| Pranab Mukherjee and Prakash Karat (back to camera) after attending the UPA-Left meeting on the nuclear deal in New Delhi on Tuesday. (PTI)
New Delhi, Sept. 11: The UPA and the Left today met to sip juice, nibble on snacks and agree that they must keep talking in what appears to be a strategy to buy time before plunging the country into an early election.
As the committee to sort out differences on the Indo-US nuclear agreement held its first sitting, neither side was optimistic of a breakthrough.
Discussions on impending foreign trips — such as a week-long one to Vietnam by the CPM and CPI — to draw up a calendar of meetings followed the exchange of pleasantries, as both sides went through the motions of trying to prove how “reasonable” they were.
“Our objective will be to stretch the dialogue because our allies don’t want elections in a hurry. The breaking news will come the day the talks are called off and that might not happen in a hurry,” a Congress member said.
The 15-member committee, which includes Pranab Mukherjee, P. Chidambaram, Prakash Karat, Kapil Sibal, Sitaram Yechury and A.B. Bardhan, framed the “broad” issues for discussion and agreed to meet again on September 19.
“As of today, there was no meeting point. The Left has taken a pre-determined, proclaimed stand and judging from the pronouncements of our leaders, it appears we are becoming more adamant,” a Left leader said.
For the record, the CPI’s D. Raja said: “We agreed to have a structured discussion and to take up the issues one by one.”
The implications of the Hyde Act on the 123 Agreement and on nuclear self-reliance and its implications on foreign policy and security cooperation will be discussed.
The third meeting is likely in the first week of October after Mukherjee returns from a visit to the US.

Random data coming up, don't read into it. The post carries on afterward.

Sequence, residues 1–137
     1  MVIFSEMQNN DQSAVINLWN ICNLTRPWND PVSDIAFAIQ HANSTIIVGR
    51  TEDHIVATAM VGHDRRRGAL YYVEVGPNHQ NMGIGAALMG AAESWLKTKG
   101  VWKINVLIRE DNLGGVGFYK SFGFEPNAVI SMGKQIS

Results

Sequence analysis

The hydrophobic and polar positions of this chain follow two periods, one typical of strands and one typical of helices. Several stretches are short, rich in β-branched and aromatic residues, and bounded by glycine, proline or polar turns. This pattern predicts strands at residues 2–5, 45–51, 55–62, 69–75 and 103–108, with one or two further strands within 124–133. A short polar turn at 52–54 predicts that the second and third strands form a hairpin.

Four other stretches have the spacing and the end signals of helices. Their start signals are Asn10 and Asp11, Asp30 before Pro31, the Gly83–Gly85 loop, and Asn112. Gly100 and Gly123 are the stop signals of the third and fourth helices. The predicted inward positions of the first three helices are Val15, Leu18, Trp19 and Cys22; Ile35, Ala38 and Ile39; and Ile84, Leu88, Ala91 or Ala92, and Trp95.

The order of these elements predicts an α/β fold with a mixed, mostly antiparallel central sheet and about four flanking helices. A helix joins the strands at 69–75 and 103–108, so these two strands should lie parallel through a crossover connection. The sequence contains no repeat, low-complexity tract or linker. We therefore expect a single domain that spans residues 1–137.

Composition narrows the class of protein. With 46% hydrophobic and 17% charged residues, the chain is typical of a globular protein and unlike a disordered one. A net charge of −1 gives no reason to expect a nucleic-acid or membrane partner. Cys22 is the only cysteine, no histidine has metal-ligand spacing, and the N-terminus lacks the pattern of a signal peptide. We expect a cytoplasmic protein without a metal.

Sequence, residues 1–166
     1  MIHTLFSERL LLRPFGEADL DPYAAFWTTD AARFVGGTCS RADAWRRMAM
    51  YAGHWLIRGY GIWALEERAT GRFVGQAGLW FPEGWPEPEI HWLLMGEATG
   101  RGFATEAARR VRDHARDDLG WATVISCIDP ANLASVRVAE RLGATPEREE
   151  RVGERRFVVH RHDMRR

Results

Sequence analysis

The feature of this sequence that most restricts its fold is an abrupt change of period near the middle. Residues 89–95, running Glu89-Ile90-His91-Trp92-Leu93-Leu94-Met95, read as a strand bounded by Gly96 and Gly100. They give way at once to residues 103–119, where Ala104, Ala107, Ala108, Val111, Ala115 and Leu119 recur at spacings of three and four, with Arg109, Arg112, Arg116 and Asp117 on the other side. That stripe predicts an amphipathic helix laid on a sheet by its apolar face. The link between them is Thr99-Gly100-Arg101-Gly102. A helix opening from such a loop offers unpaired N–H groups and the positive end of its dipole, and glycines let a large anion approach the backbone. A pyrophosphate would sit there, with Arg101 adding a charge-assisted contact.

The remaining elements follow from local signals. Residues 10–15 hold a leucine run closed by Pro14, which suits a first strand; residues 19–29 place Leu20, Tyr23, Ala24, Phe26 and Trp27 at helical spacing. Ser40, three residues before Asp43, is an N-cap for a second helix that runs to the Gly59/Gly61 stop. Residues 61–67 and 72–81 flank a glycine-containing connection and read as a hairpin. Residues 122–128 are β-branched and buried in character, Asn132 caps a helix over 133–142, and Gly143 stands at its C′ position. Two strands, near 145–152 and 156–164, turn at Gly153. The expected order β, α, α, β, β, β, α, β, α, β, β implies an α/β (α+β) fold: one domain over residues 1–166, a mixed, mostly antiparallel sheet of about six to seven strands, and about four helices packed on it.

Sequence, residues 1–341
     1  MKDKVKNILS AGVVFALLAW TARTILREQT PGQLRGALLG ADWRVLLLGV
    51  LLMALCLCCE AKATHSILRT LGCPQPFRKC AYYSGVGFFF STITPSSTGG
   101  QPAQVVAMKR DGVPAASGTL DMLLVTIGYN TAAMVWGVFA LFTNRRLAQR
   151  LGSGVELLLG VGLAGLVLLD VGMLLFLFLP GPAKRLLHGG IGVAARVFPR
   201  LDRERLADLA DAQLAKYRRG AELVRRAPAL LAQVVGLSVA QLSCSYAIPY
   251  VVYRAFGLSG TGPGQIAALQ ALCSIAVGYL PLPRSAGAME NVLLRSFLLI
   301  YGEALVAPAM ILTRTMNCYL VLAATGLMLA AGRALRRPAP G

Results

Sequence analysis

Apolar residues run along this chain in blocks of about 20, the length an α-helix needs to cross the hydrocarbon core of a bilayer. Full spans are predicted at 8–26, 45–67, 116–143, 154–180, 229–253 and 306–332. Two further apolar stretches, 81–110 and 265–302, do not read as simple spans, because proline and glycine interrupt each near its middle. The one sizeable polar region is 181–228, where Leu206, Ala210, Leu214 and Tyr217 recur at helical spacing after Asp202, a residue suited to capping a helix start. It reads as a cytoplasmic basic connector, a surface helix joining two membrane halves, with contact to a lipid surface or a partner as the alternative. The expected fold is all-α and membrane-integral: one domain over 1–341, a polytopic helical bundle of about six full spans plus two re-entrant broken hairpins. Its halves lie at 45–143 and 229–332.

| Manmohan Singh in the Parliament complex on Tuesday. (PTI)
Asked if he hoped the meetings would decrease the Congress-Left trust deficit, a Left representative said: “Meeting and trusting are two different things. We will meet again, but that doesn’t mean trust is increasing.”
The government handed a note outlining the contentious issues, the basis of the contentions and the problems that needed to be sorted out.
The Left representatives broadly explained their viewpoint. T.J. Chandrachoodan, the RSP member, circulated a note on the Hyde Act.
A passing reference was made — it is not known by whom — to Karat’s statement yesterday that if the government ignores the majority opinion in Parliament, it will have to face the consequences.
Lalu Prasad, who is also on the committee, is learnt to have said they should be like “bhai-bhai” but the Congress and the Left appeared in no mood to revive the camaraderie of 2004.
While Karat and Debabrata Biswas, also a committee member, will address a seminar tellingly titled the “Prime Minister’s Stand: A Watershed in Democracy'” in Delhi on Thursday, Sibal will take his fight for Manmohan Singh to another red bastion this week — Thiruvananthapuram. He was in Calcutta last week.